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I'm trying to create an LSTM autoencoder to encode some high frequency time series data. The data has 206 time steps and I'm trying to both encode this down to a lower dimension and also recreate the input well. However, the output of my autoencoder often looks like random noise and the reconstruction loss only decreases slightly. I'm kind of lost now and would appreciate any advice.

Here's some code that I'm using. Basically, the encoder takes in data of size (batch_size=16, seq_len=206, input_size=1) and outputs something with dimensions (batch_size=16, hidden=60). The decoder takes in something with dimensions (batch_size=16, hidden=60) and outputs something with dimensions (batch_size=16, seq_len=206).

class LSTMEncoder(torch.nn.Module):
    def __init__(self, hidden):
        super(LSTMEncoder, self).__init__()
        self.input_size = input_size
        self.hidden = hidden

        self.lstm = torch.nn.LSTM(input_size=1, hidden_size=hidden, num_layers=1, batch_first=True)
        self.linear = torch.nn.Linear(in_features=hidden, out_features=hidden)

    def forward(self, x):
        x, (hidden_n, cell_n) = self.lstm(x)
        x = x[:, -1, :]
        x = self.linear(x)
        return x

class LSTMDecoder(torch.nn.Module):
    def __init__(self, hidden):
        super(LSTMDecoder, self).__init__()
        self.hidden = hidden

        self.lstm = torch.nn.LSTM(input_size=1, hidden_size=hidden, num_layers=1, batch_first=True)
        self.linear = torch.nn.Linear(in_features=input_size, out_features=input_size)

    def forward(self, x):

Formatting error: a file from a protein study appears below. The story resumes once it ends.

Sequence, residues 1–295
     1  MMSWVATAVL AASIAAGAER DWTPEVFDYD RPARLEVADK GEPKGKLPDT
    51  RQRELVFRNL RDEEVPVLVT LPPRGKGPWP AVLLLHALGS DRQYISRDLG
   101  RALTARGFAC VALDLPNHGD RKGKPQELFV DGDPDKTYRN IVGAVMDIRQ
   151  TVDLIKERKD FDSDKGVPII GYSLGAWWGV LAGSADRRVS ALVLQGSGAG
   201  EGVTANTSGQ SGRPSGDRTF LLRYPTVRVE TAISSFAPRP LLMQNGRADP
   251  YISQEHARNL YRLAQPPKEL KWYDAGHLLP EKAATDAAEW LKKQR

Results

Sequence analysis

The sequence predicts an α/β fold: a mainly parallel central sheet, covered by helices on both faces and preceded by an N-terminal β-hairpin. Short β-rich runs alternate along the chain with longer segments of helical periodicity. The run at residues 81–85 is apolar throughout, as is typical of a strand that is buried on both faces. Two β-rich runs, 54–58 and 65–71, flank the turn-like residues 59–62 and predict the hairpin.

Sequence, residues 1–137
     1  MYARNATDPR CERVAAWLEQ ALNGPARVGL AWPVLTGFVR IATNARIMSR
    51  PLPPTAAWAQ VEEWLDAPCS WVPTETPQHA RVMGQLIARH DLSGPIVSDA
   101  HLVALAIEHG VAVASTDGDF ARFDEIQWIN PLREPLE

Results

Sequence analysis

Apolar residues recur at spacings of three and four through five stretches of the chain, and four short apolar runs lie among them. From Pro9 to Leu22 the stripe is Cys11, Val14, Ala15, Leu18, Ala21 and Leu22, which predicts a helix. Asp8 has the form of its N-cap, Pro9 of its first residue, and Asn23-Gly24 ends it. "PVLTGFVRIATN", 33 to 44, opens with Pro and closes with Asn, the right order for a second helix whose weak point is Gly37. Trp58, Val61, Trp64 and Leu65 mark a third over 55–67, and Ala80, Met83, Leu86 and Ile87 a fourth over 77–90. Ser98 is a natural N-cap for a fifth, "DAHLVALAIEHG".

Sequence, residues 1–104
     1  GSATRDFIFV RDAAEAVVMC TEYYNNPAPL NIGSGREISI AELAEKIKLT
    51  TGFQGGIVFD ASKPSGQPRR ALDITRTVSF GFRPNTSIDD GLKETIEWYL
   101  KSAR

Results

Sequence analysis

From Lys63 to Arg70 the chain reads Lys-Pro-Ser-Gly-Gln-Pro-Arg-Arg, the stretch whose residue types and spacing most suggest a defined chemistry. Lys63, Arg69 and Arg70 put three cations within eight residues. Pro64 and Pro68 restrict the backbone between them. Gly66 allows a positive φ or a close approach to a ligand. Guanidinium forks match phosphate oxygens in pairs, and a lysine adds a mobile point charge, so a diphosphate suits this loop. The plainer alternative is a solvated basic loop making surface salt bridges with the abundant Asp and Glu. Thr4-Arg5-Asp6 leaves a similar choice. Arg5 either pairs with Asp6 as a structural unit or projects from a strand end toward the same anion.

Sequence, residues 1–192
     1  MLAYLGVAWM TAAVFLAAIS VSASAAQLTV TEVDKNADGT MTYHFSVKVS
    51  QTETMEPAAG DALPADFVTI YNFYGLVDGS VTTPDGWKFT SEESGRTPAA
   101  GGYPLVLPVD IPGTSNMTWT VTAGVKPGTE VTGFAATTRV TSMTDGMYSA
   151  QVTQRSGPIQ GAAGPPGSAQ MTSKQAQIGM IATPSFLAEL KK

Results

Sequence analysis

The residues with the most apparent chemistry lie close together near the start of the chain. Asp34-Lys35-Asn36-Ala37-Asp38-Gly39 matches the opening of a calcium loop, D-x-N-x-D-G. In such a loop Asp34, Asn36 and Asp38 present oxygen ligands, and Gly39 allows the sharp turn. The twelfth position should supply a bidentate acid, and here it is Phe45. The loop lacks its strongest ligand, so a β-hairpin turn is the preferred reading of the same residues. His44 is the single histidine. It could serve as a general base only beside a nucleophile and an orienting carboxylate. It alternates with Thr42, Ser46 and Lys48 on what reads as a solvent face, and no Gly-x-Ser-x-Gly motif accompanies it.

x = x.unsqueeze(2)
        x, (hidden_n, cell_n) = self.lstm(x)
        x = x[:, -1, :]
        x = self.linear(x)
        return x

class SingleVariableAutoencoder(torch.nn.Module):
    def __init__(self, seq_len, hidden):
        super(SingleVariableAutoencoder, self).__init__()
        self.seq_len = seq_len
        self.hidden = hidden

        self.encoder = LSTMEncoder(hidden)
        self.decoder = LSTMDecoder(seq_len)

    def forward(self, x):
        encoded = self.encoder(x)
        decoded = self.decoder(encoded)
        return decoded, encoded

// Training code
autoencoder = SingleVariableAutoencoder(206, 60)
data_load = torch.utils.data.DataLoader(train_ds, len(train_ds), True)
opt = torch.optim.Adam(params=filter(lambda x: x.requires_grad, autoencoder.parameters()), lr=0.01)
sched = torch.optim.lr_scheduler.ExponentialLR(opt, 0.999)
reconstruction_loss_fn = torch.nn.MSELoss()
batch_size = 16

epochs = 1000
for epoch in range(epochs):
    for data_matrix, labels in data_load:
        opt.zero_grad()
        indices = torch.randperm(len(data_matrix))[:batch_size]
        decoder_output, encoder_output = autoencoder(data_matrix[indices].float())
        reconstruction_loss = reconstruction_loss_fn(decoder_output.float(),                 
                                                 data_matrix[indices].float())
        total_loss = (1.)*reconstruction_loss
        total_loss.backward()
        opt.step()
    sched.step()
    print("Epoch: ", epoch, " Total Loss: ", float(total_loss))

And the results look like this, where the blue is the input data and red is the autoencoder output. Sometimes the input and output match very well, but most of the time the output fails to capture the amplitude of the input signals.

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